PHILADELPHIA BUSINESS JOURNAL • $4.5M project to create 40th Street Trolley Portal Gardens complete

Wednesday, September 26, 2018

Originally published by the Philadelphia Business Journal

$4.5M project to create 40th Street Trolley Portal Gardens complete


After what Matt Bergheiser, president of University City District, described as an 8-year journey, a $4.5 million redevelopment of the 40th Street Trolley Portal in University City is complete. And the result a much better version of its former self.

For decades, the trolley portal at Woodland and Baltimore avenues was a bare concrete stamp despite its location in a residential neighborhood and its status as a busy transit hub. Under the leadership of University City District, stakeholders including SEPTA, neighbors and the city convened to create a new vision for the parcel. Once in place, fundraising ensued.

Now planters, trees, gardens, seating and a new Trolley Car Station restaurant have revived a once desolate spot. 

The project took something that was simply utilitarian and, without eliminating or concealing it, created an inviting, social environment that, as Nathan F. Hummel, director of planning and design at UCD said, also shows someone cares. The project incorporated some of the lessons UCD has learned over the years from its other placemaking activities, like the Porch at 30th Street Station.

To that end, different seating areas were incorporated into the space including cafe chairs and tables, tiered boulders and benching. The hope is that by providing multiple areas and a variety of seating, social interaction will be promoted among strangers who might be visiting the gardens. The space is also inviting for young children who can jump from the rocks or play with the tiny pebbles that carpet the main seating area. The gardens are not just meant to be pleasing for those who are coming on and off of a trolley, but also for those who are passing through while remaining on the trolley.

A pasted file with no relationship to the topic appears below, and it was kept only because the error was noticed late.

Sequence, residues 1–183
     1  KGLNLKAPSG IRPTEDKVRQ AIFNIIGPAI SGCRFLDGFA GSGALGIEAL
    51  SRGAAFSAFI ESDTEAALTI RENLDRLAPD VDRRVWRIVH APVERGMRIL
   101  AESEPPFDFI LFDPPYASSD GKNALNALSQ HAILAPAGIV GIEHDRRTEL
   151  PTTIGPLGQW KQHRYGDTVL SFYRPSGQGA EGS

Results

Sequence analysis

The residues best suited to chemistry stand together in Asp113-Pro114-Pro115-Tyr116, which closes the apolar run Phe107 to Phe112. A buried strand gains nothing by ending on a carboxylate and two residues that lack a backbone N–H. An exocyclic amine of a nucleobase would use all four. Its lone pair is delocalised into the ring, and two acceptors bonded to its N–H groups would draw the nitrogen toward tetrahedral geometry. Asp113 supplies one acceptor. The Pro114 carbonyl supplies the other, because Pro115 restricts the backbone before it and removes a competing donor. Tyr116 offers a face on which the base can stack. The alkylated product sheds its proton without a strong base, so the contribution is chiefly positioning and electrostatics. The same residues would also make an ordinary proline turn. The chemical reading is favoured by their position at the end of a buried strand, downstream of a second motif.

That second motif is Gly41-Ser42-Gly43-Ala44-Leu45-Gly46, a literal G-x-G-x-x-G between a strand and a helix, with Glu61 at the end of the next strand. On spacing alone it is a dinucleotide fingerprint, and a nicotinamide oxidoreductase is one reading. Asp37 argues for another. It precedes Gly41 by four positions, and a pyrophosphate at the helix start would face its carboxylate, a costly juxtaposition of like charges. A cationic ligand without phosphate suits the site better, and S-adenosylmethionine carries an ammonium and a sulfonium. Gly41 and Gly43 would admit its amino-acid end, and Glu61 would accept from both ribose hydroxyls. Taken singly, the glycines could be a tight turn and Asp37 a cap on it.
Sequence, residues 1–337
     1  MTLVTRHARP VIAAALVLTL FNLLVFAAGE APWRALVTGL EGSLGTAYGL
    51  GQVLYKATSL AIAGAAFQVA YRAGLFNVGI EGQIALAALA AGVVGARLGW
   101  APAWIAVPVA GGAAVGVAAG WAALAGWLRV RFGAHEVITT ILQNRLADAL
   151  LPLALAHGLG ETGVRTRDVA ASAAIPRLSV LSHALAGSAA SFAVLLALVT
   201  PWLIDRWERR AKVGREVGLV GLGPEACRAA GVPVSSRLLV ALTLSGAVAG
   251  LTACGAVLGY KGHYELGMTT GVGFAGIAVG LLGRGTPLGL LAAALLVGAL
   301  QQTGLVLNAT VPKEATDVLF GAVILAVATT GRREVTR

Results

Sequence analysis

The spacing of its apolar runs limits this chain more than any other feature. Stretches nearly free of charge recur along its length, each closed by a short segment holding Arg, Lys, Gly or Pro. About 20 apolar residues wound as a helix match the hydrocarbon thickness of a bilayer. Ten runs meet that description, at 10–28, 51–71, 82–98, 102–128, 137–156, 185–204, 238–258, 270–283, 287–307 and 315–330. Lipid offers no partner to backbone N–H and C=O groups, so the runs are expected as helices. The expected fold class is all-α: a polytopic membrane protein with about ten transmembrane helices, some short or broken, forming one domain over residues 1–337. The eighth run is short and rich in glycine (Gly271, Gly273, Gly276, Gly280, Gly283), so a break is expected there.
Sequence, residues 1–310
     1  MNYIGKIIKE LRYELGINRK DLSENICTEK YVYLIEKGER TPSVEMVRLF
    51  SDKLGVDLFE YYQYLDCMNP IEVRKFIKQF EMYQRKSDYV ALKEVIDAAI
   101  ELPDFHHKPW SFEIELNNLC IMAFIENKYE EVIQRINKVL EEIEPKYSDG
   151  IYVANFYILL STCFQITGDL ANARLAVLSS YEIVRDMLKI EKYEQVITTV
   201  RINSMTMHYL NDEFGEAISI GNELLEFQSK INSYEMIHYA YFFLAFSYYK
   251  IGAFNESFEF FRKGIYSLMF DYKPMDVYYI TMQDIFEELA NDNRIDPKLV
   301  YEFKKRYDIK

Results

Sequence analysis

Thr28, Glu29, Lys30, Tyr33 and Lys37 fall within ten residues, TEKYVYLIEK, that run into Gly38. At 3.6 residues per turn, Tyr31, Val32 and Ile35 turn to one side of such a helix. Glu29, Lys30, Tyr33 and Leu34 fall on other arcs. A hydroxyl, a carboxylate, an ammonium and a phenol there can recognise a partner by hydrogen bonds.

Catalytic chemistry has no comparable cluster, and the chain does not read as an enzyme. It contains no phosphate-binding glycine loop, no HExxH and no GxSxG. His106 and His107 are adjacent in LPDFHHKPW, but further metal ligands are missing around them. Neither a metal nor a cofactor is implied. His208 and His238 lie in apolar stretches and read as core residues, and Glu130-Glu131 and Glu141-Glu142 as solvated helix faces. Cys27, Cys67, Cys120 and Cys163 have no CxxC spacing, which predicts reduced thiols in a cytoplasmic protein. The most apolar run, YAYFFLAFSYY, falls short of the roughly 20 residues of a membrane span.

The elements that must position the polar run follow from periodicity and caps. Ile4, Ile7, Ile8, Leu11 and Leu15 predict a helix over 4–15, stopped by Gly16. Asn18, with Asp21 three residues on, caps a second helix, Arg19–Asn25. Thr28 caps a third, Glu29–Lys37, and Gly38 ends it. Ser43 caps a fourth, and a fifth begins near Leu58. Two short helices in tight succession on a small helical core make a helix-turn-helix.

Another lesson was incorporating food, which can draw people in and serve as a unifying factor as well. “Great spaces call for lingering and food can cause people to linger,” Bergheiser said. 

Ken Weinstein, of Philly Office Retail and the Trolley Car Diner, recalled standing at the portal on a freezing day for 20 minutes to determine whether bringing a restaurant to the location made sense. Weinstein was convinced to take a chance after watching a constant stream of pedestrian and vehicular traffic move through the immediate area. A new, 2-story, 5,000-square-foot building was developed for the restaurant that seats 200 people. It is staffed with 50 employees. 

That $2.5 million restaurant project opened early September with a menu that Weinstein described as comfort food with an international flare, a refrigerator case filed with 300 beers and six that are on tap. Two painted murals on the second floor incorporate different historical figures and aspects of the neighborhood.

“Business was nice and slow at first but when we put the open sign up, it got busy,” Weinstein said

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